As I practise more on CR, I start to develop an inkling as to why E is chosen instead of B, even though, reasoning-wise, I'm still not settled. I'd like to ask one more question though. About the wrong answer choice B, which category of incorrect answer would it fall into? Is it Out of Scope?
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Re: Images from ground-based telescopes are invariably distorted by the Ea  [#permalink]

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New post 20 Nov 2015, 02:51
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kahipz wrote:
As I practise more on CR, I start to develop an inkling as to why E is chosen instead of B, even though, reasoning-wise, I'm still not settled.
The response just above yours is a very good one.

Everything A is distorted by the atmosphere. Everything B operates outside the atmosphere. Therefore for advanced research, everything A will become obsolete. The second option is just saying that some As are better than other As. But the larger point is that any B is better than an A. The fact that some As are better than other As can't change that.
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The point here is that no person above giving explanations prove that Ground telescopes are the ones that have more light-gathering capacity than the ones those are above Earth's atmosphere.
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option E is ambiguous. IMO B
Lets say Ground telescopes- X
Space telescopes- Y
Light gathering telescopes- Z

Option E says Z is superior to Y but that doesn't support the cause for X not to be obsolete. If Z= X then E is true, but nowhere it is mentioned so.

Atleast option B says X cant be obsolete as they can be useful in some locations
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Re: Images from ground-based telescopes are invariably distorted by the Ea  [#permalink]

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New post 25 Jul 2016, 23:37
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Really not able to convince how option E is the correct answer.

we need to assume more to chose this.

Experts please help, why 'B' is wrong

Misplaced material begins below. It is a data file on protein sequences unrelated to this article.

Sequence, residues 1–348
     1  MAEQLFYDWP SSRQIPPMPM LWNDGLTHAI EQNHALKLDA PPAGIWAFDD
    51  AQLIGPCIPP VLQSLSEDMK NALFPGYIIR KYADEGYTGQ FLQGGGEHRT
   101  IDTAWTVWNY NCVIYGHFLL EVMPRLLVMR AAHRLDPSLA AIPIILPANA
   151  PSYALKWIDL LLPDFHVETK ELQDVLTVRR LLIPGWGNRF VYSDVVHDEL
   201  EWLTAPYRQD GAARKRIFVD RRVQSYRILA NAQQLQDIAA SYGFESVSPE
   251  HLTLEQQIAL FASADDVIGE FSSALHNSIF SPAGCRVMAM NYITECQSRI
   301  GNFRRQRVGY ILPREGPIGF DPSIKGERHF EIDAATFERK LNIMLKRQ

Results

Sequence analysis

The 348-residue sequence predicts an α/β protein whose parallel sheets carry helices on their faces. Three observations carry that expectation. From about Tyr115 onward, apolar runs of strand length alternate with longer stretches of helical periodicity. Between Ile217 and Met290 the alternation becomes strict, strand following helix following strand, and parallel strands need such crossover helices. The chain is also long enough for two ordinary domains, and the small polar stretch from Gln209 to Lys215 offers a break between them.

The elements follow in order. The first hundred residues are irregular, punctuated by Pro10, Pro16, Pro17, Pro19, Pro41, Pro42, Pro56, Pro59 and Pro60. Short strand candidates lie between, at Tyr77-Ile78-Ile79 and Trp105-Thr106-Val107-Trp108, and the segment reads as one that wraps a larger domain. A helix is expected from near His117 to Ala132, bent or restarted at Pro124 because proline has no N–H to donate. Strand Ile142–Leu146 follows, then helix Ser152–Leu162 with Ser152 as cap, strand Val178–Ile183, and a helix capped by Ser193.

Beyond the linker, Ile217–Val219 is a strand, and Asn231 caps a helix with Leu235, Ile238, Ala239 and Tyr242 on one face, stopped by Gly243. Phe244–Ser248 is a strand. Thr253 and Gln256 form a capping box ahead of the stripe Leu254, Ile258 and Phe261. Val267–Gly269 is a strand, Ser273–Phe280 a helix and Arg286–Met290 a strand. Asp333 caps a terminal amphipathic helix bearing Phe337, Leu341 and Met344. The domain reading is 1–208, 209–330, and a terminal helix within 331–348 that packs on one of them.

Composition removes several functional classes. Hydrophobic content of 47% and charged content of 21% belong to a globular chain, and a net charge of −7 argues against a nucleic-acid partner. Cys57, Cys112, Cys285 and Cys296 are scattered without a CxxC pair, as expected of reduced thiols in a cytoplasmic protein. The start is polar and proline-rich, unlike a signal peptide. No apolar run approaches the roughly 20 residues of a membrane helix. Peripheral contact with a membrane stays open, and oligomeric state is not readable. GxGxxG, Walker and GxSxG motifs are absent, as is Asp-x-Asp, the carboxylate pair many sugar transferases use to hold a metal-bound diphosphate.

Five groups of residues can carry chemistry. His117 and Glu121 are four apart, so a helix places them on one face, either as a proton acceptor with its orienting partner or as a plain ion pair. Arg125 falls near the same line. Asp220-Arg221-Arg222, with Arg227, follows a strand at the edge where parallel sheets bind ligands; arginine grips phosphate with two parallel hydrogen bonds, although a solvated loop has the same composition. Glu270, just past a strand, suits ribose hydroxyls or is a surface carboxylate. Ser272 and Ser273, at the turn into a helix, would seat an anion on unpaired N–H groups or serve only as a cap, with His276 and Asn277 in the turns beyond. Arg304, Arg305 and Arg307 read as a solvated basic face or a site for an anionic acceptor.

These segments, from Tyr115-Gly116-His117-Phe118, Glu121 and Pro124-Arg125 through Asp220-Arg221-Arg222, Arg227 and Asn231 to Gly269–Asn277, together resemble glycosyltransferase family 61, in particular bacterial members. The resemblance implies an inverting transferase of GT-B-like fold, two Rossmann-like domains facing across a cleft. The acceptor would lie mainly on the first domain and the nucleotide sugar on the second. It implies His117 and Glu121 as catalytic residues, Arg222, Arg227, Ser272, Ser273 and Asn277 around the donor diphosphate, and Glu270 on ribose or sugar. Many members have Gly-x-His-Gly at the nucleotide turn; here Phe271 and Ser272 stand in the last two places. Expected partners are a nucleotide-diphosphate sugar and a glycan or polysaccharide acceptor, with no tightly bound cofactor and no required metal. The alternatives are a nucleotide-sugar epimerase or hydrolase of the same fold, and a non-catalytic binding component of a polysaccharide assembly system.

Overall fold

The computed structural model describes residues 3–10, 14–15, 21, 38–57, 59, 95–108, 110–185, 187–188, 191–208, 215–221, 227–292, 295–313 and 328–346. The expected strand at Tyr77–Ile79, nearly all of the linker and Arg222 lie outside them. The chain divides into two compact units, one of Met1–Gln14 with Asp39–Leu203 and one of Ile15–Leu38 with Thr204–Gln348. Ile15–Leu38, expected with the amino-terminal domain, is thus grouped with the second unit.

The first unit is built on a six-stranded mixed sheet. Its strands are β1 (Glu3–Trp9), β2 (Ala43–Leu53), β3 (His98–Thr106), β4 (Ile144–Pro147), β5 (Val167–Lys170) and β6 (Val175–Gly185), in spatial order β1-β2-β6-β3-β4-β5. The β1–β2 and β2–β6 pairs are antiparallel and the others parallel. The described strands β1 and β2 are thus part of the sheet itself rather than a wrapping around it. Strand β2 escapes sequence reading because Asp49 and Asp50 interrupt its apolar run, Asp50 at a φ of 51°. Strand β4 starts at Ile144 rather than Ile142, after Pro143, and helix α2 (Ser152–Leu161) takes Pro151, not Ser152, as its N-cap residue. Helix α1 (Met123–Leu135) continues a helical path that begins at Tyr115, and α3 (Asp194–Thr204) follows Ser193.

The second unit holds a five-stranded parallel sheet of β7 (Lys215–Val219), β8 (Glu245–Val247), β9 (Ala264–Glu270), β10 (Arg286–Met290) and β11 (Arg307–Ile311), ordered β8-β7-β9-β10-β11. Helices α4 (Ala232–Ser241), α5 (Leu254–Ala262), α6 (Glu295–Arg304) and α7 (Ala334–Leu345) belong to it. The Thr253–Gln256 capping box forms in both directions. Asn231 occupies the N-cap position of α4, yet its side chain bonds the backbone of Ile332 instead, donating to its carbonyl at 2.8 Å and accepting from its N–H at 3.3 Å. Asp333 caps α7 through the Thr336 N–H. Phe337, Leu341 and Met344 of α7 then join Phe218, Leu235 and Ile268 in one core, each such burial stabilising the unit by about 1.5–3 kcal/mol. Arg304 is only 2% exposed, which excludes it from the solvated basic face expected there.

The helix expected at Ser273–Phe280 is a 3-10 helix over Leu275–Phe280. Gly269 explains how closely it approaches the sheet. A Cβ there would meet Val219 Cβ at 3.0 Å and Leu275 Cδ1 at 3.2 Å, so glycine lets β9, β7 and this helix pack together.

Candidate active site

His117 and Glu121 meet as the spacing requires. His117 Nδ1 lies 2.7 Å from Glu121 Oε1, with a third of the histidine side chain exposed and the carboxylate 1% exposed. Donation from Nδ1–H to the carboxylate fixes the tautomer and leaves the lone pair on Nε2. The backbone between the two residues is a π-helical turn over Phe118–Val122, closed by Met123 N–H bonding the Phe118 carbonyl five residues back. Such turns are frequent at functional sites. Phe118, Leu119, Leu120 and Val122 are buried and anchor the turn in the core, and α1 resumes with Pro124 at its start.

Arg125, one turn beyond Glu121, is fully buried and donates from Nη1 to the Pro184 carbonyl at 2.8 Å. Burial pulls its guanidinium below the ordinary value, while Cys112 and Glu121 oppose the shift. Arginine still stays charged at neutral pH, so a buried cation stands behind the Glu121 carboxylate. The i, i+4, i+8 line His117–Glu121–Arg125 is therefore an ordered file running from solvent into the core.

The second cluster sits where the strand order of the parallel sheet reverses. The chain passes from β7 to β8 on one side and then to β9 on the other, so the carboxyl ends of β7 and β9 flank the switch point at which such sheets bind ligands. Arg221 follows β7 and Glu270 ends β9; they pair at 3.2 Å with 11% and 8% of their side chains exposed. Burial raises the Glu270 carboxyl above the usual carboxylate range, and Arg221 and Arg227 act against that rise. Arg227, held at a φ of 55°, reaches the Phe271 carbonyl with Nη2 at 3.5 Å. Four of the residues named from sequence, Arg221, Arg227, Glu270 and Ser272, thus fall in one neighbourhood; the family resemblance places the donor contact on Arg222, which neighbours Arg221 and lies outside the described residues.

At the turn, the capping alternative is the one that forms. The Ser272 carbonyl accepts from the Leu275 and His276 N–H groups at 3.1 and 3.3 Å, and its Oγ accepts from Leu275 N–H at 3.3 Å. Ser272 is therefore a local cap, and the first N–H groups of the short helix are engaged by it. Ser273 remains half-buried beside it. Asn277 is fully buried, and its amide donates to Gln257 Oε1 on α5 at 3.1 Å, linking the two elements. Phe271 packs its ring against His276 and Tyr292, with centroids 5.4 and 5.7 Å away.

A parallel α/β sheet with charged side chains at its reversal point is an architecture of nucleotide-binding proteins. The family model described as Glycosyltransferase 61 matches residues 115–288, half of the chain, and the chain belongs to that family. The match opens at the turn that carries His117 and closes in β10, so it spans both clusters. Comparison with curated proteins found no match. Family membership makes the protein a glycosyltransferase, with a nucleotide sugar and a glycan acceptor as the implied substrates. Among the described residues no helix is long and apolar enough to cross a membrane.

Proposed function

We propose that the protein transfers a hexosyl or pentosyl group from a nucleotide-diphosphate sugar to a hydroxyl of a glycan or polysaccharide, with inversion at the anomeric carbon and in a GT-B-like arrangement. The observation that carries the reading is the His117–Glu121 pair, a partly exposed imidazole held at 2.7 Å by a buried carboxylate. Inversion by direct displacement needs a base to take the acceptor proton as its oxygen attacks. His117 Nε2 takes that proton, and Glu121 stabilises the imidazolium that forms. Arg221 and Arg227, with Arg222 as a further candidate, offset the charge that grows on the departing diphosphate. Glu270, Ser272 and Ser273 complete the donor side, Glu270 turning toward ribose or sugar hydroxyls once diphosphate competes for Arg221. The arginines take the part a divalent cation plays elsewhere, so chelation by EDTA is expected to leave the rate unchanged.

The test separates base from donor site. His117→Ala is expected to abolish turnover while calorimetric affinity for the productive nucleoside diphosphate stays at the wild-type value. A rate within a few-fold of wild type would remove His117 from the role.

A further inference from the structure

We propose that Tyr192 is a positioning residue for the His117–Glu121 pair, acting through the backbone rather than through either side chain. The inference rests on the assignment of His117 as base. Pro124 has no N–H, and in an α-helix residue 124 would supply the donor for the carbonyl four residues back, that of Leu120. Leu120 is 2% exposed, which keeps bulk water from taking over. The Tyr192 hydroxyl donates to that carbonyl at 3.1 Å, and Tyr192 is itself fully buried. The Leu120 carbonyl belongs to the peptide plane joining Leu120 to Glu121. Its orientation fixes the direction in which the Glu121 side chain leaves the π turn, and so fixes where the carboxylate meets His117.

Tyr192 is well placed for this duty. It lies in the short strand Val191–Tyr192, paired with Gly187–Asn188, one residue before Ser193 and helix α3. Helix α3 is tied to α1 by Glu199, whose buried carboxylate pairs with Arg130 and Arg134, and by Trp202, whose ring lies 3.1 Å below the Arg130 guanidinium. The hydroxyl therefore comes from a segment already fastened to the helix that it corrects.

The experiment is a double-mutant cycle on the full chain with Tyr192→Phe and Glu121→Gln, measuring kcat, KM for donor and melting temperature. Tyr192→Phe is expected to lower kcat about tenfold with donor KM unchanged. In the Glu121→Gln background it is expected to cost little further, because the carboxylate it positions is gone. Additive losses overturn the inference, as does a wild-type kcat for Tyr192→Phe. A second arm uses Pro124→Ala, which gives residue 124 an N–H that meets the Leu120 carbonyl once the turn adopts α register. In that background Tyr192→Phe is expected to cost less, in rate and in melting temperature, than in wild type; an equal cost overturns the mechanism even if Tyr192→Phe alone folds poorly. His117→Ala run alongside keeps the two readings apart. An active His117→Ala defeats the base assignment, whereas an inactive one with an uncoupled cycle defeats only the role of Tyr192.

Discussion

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The argument states that -
Orbiting telescopes provide more detailed images --> obsolescence of ground based telescopes for advanced astronomical research.

A - if one orbiting telescope exceeded its budget, does not mean that all such telescopes in the future will exceed their budgets. Also, what about other ground based telescopes? were they both within budget and on schedule?. Additionally, if orbiting telescopes are significantly cheaper than ground based telescopes, then this strengthens the argument.
B - but still they are in the atmospheric zone and are subject to at least some atmospheric distortions.
C - What about other distortions from the atmosphere?
D - "best earth based" is still not better than "space based".
E - Correct answer. Tells us about an important advantage that ground based telescopes have over space based telescopes, suggesting they might not get obsolete.
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New post 15 Jan 2017, 08:12
I am still not convinced on answer option E. The Answer option E would be true if the 'telescopes with more light gathering capacity" are "ground based telescopes". Since the answer E does not explicitly specify the same i chose B over E.
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Re: Images from ground-based telescopes are invariably distorted by the Ea  [#permalink]